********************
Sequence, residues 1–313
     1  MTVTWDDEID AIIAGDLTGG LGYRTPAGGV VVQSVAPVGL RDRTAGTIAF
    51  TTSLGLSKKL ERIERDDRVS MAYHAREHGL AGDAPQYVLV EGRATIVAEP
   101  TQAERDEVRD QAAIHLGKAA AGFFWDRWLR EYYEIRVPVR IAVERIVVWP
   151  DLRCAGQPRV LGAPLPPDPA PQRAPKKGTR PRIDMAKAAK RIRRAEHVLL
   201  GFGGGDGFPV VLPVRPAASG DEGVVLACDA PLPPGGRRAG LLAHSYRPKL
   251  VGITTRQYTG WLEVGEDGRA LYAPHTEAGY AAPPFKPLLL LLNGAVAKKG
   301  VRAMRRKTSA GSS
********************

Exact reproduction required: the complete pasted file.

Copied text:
Sequence, residues 1–313
     1  MTVTWDDEID AIIAGDLTGG LGYRTPAGGV VVQSVAPVGL RDRTAGTIAF
    51  TTSLGLSKKL ERIERDDRVS MAYHAREHGL AGDAPQYVLV EGRATIVAEP
   101  TQAERDEVRD QAAIHLGKAA AGFFWDRWLR EYYEIRVPVR IAVERIVVWP
   151  DLRCAGQPRV LGAPLPPDPA PQRAPKKGTR PRIDMAKAAK RIRRAEHVLL
   201  GFGGGDGFPV VLPVRPAASG DEGVVLACDA PLPPGGRRAG LLAHSYRPKL
   251  VGITTRQYTG WLEVGEDGRA LYAPHTEAGY AAPPFKPLLL LLNGAVAKKG
   301  VRAMRRKTSA GSS